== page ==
AAJA Urges Newsrooms Not To Perpetuate Xenophobia in COVID-19 Coverage


AAJA’s response to Chicago Sun-Times tweet The Asian American Journalists Association urges newsrooms not to perpetuate xenophobia in coverage of the COVID-19 pandemic as anti-Asian violence increases. In a now-deleted tweet that was captured in this screenshot, the Chicago Sun-Times used an image depicting people on a street in Tokyo, Japan, as the preview for … Continue reading AAJA Urges Newsrooms Not To Perpetuate Xenophobia in COVID-19 Coverage

2022 Beijing Winter Olympics Guidance for Journalists


Ahead of the start of the Beijing Winter Olympics, the Asian American Journalists Association has compiled a series of guides, resources and organizational stances to help inform journalists and their coverage. AAJA advises journalists to:  Consult with native speakers on the proper pronunciation and romanization or spelling of Asian and Pacific Islander language names and … Continue reading 2022 Beijing Winter Olympics Guidance for Journalists

Guidance on Coverage of Sept. 11, 20 Years Later


This September marks 20 years since the 9/11 attacks. The Arab and Middle Eastern Journalists Association (AMEJA), Asian American Journalists Association (AAJA), the National Association of Black Journalists (NABJ), and the South Asian Journalists Association (SAJA), all independent professional organizations, are issuing guidance to help journalists and newsrooms more accurately and critically cover the commemoration, impacted communities, and policies that resulted from 9/11.

AAJA advises media organizations to heed South Asian Journalists Association’s guidance regarding reporting on the new COVID-19 variant from India


On the start of AAPI Heritage Month and Mental Health Awareness Month, the Asian American Journalists Association is proud to announce the expansion of our mental wellness offerings to our membership with support from Panda Express and others.

SAJA-AAJA Media Advisory on Coverage of Indianapolis Fedex Facility Shooting


We are concerned about reports Tuesday that the Minnesota state police threatened to arrest journalists covering the protests if they did not leave. This growing nationwide trend among law enforcement agencies is unacceptable. The police should not be threatening journalists for doing their jobs. As journalism organizations, we stand together to defend reporters on the streets who are covering the news as the eyes and ears of the people.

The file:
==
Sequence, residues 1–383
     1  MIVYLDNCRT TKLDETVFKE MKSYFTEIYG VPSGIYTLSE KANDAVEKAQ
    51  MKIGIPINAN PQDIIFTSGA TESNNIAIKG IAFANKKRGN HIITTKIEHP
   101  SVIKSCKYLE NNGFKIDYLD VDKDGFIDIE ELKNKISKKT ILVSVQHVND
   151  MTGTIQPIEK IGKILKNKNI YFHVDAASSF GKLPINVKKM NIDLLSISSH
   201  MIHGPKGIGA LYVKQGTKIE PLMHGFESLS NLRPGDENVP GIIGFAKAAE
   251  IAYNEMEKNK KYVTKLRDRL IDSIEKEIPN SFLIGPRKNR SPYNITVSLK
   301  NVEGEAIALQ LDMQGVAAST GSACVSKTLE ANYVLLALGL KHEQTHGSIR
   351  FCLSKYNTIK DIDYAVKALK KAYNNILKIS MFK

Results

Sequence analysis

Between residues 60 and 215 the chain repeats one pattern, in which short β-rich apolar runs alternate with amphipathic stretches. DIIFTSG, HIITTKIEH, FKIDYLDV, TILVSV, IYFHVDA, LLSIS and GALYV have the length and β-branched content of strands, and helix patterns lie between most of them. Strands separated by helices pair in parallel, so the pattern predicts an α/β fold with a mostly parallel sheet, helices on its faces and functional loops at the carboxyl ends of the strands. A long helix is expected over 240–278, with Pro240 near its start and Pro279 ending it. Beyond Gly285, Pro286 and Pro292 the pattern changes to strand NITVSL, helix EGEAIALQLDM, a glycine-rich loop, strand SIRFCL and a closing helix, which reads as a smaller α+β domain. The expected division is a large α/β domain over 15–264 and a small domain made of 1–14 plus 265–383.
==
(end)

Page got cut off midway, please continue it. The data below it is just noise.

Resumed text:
We encourage and urge all police offices to respect our jobs and not threaten working journalists or peaceful protesters, both of whom are protected by the First Amendment, with arrest.

AAJA Guidance on Coverage of Anti-AAPI Violence


The shootings in Atlanta on March 16 killed eight people. Six of the victims were identified as Asian and seven were women. At least four of those killed were of Korean descent. The Asian American Journalists Association (AAJA) urges newsrooms to take caution with language in news coverage that could fuel the hypersexualization of Asian women, which has been linked to violence and discrimination.

Mental Wellness Resources


A non-comprehensive list of mental wellness resources for AAPI and journalists, including research, training programs, and culturally competent coverage. Updated as of February 25, 2021. Mental Wellness Resources for AAPI journalists GENERAL RESOURCES AAPI Mental Health Asian American Psychological Association – AAPA: AAPA advocates on behalf of Asian Americans with regards to Asian American psychology … Continue reading Mental Wellness Resources

Guide to Covering Asian Pacific America


Note: AAJA is in the process of updating this guidance. UPDATE DEC. 1, 2021: AAJA has removed the current version of the style guide which is under revision, and in the coming weeks will publish a condensed version with basic terminology that can be a resource while we undergo a full review.  We welcome all … Continue reading Guide to Covering Asian Pacific America